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Photographs in the May 4 Collection: Restricted photographs

What are duplication restrictions?

A few of our May 4 photograph collections have duplication restrictions. This simply means that these collections are available for research purposes only and the photographs cannot be photocopied, photographed, scanned, or otherwise duplicated with intent to publish without prior permission from the copyright holder.

If you are seeking images to be used for a published paper, project, website, or other type of publication, we cannot provide duplications for you from the following collections, unless you first secure permission from the relevant copyright holder(s).

However, if your use is for personal research or educational purposes (e.g. use in a student paper), please contact the Department of Special Collections and Archives for assistance with the collections listed below.

Collections with duplication restrictions

The following collections have duplication restrictions:

Commission on KSU Violence records: Box 200

This box of the Commission on KSU Violence records includes 10 folders of black and white photographs taken on and around May 4, 1970.

Arthur Krause, et al v. James A. Rhodes, et al., Documents, papers, and photographs: Box 113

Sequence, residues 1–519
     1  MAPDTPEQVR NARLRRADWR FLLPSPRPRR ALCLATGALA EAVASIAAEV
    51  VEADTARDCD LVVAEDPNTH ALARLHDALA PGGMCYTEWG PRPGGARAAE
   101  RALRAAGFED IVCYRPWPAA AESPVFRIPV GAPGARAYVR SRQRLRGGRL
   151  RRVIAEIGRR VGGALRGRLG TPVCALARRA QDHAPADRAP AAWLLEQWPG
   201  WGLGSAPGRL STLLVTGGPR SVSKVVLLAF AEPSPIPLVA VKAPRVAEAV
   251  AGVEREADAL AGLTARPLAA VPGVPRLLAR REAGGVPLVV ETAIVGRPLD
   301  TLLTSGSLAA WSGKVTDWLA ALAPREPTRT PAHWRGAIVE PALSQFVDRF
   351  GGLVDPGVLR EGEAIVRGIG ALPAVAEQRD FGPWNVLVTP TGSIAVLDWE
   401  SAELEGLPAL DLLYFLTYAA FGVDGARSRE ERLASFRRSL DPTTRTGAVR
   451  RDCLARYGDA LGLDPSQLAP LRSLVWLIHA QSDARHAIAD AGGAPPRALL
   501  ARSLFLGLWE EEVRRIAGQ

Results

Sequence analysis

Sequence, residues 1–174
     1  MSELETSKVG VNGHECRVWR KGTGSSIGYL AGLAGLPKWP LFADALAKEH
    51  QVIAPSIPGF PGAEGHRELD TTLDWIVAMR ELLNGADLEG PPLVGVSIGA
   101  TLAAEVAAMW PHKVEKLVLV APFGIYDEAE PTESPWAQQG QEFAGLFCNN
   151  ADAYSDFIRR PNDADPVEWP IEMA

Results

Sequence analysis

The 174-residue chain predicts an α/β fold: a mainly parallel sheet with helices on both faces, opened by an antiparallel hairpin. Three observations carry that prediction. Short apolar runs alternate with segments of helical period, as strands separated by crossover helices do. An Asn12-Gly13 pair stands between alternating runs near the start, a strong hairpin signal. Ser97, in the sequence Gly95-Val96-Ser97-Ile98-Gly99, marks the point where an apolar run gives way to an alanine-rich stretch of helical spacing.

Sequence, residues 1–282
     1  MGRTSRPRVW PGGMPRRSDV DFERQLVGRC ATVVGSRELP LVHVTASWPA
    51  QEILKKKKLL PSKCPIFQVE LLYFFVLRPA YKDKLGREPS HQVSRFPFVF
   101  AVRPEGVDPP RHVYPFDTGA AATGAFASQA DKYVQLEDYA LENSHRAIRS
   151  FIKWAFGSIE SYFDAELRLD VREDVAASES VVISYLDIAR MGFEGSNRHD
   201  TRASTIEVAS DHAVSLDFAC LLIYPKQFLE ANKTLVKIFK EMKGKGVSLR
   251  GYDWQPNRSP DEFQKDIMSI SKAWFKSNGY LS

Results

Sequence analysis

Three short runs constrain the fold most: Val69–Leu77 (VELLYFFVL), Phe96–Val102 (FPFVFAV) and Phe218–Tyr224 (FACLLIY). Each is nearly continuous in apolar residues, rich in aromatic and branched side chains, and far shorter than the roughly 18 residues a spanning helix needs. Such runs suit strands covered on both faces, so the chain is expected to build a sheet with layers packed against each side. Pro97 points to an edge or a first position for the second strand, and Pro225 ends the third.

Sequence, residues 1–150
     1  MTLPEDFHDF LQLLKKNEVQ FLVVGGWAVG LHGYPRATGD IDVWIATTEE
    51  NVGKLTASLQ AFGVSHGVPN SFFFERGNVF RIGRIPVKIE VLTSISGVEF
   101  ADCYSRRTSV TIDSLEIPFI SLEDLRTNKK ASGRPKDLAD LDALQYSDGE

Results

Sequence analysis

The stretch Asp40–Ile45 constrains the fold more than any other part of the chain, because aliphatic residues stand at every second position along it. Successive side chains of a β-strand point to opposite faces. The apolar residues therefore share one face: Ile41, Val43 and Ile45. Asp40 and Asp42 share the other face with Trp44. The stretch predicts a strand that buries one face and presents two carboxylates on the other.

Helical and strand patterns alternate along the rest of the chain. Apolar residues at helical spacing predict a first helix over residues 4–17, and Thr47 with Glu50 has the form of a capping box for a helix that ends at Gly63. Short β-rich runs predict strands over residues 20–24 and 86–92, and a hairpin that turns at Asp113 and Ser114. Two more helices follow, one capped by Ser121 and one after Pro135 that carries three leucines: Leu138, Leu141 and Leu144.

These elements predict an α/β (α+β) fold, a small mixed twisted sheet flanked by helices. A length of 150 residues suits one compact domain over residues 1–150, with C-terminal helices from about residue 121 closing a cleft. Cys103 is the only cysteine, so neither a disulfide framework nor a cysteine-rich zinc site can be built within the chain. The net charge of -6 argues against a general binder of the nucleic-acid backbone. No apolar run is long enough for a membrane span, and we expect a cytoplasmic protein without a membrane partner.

This collection contains materials from the Krause vs. Rhodes trial, including photographs in the form of plaintiff exhibits taken on May 4, 1970.

Kent State Shootings Photographs from Various Sources: Boxes 109 and 109A

This collection consists of photographs relating to the Kent State shootings that were given to our department by various individuals.

Howard Ruffner papers and photographs: Box 190

The Howard Ruffner collection primarily includes photographs that appeared in Kent State University's 1971 yearbook, the Chestnut Burr.  Many of these photographs can be viewed online in our digitized 1971 Chestnut Burr.

What's the big deal about copyright?

In many cases, the Department of Special Collections and Archives does not own the copyright to its materials. The copyright holder is very often the person that actually took the photograph. It is your own responsibility to secure formal, written permission from the copyright holder if you intend to use his or her work for purposes other than research.